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How to Transform Failure into A Positive and Productive Tool for Self Development and Learning

 

by Talmud Bah Cert Ed FRSA MInstLM MSET MAC

Head of Service Delivery, Smart Choices

 

Did you experience failure, before someone told you what it was? Can you remember the first time you failed? What did it feel like? Did you instinctively know that you'd failed? Or did someone let you know? And in what way did they inform you of your failure?

 

How do you define failure and is it actually your definition?

 

Who/what informs the voice in your head that lets you know? Here are some common definitions of failure: 'Failure is the state or condition of not meeting a desirable or intended objective, and may be viewed as the opposite of success'.
 

If you don't do the thing (whatever it is), you're a failure, not a success? But success by who's standard?

 

'Failure can be differentially perceived from the viewpoints of the evaluators. A person who is only interested in the final outcome of an activity would consider it to be an Outcome Failure if the core issue has not been resolved or a core need is not met. A failure can also be a process failure whereby although the activity is completed successfully, a person may still feel dissatisfied if the underlying process is perceived to be below expected standard or benchmark'.

 

Okay, if the standards are set by you, you might just be a bit of a perfectionist but here's where it gets tricky… 'Failure to anticipate, Failure to perceive, Failure to carry out a task' - the fear of the idea of 'failing' is the mindset which puts you on the path to self doubt and anxiety.

 

Surely, we can still make mistakes? as opposed to 'failing' mistakes are natural and necessary in order to learn, Failure removes learning from the equation and creates a 'dualistic' approach to life and learning development:

 

Right/wrong, black/white, good/evil, success/failure - you're either in one camp or the other … 'Loser is a derogatory term for a person who is (according to the standards of the observer) generally unsuccessful or undesirable'.

 

Hmm...loser? It's the thinking that informs the terminology/language which is the issue, it's not about ignoring when things don't go to plan, but to define yourself as 'less or lacking' as a result? Or someone telling you, you're a failure or unsuccessful? Is a person a loser because they make a mistake? Is a baby a failure and a loser because it stumbles and can't quite walk yet? Here's an alternative way of looking at failure in four stages:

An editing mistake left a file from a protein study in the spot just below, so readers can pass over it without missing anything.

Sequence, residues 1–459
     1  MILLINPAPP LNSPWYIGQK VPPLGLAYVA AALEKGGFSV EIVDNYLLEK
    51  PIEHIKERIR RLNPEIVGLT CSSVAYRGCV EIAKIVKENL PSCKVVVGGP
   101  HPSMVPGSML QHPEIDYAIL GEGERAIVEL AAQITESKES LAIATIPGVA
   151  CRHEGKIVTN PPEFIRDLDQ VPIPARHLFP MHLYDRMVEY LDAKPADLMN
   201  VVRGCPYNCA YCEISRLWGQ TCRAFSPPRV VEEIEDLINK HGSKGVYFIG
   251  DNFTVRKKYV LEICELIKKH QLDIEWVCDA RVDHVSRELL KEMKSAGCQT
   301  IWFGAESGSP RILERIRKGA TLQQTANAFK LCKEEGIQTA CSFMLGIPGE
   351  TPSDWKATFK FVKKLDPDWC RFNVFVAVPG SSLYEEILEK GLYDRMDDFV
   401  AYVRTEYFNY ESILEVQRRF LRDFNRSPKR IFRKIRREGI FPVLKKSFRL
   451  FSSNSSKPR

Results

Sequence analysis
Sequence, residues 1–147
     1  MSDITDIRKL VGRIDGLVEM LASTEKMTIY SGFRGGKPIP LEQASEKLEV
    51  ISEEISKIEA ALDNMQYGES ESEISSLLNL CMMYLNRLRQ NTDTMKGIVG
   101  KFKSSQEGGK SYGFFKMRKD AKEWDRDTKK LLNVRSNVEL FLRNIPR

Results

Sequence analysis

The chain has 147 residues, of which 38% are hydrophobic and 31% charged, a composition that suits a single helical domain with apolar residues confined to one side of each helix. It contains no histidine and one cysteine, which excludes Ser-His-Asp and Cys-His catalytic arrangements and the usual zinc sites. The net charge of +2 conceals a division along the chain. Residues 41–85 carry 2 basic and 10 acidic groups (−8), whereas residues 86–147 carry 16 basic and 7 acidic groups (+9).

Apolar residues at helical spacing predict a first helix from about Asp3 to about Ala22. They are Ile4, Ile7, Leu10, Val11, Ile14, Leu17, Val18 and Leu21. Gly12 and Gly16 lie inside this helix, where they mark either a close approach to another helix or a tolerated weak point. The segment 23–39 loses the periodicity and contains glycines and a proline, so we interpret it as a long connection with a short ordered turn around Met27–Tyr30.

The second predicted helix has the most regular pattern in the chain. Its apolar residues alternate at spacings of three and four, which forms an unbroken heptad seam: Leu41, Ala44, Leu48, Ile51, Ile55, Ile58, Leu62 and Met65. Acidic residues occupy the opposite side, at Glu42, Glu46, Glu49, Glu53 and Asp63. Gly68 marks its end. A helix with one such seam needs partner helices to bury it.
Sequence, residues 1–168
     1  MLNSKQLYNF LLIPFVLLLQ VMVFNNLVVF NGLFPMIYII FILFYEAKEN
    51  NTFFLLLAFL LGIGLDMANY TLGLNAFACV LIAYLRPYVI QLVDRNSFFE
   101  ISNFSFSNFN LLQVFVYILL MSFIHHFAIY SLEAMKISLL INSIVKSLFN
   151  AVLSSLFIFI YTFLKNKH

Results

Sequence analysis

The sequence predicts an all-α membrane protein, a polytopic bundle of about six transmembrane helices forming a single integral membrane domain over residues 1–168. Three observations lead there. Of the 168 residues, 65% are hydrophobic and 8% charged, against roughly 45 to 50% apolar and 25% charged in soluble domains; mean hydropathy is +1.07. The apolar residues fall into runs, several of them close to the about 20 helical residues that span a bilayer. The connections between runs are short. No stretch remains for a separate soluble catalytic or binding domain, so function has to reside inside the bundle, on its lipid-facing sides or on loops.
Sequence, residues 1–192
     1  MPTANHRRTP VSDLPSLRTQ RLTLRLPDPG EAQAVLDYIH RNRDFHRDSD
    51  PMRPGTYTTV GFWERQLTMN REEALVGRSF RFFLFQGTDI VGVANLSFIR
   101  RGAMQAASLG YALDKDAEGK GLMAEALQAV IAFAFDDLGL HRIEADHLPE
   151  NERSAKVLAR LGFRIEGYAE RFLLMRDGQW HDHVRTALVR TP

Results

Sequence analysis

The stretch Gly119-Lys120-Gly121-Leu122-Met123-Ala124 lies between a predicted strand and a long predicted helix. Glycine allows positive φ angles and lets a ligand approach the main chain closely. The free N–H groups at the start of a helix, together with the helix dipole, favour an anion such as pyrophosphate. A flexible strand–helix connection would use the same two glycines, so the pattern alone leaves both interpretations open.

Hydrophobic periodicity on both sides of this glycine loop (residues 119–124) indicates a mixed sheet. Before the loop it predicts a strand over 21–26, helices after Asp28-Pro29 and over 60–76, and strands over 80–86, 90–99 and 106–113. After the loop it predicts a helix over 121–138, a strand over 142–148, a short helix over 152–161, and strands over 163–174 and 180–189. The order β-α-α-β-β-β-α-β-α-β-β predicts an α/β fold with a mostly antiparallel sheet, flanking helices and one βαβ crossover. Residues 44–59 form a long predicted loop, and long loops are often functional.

Acceptance/responsibility/learning/action

 

1.

 

Acceptance - accept that things haven't turned out as you would prefer

 

By accepting the outcome, you're emotional and mentally prepared to be in the present.

 

2.

 

Responsibility - take responsibility for your role in the choice/situation

 

By taking responsibility for your action, you own the choice and can deal with the current situation, which may be an outcome of that choice. You are also taking ownership/control, as opposed to being a victim of circumstance or looking for something or someone to blame.

 

3.

 

Learning - what can you learn/take away from the experience

 

Learn from what happened - what was your emotional/mental state? Were you prepared? Did you have all the facts? Having evaluated, what could you do differently?

 

4.

 

Action - how will you apply what you've learnt

 

How would you apply your new knowledge to your daily thought and decision-making process? What practical steps can you take to ensure you don’t find yourself in the same situation or if you do, to ensure that you're prepared to deal with it?

 

I hope this has given you a different way of looking at failure and using it as a productive tool, for learning development, as well as an opportunity to explore what failure means to you and define it on your own terms.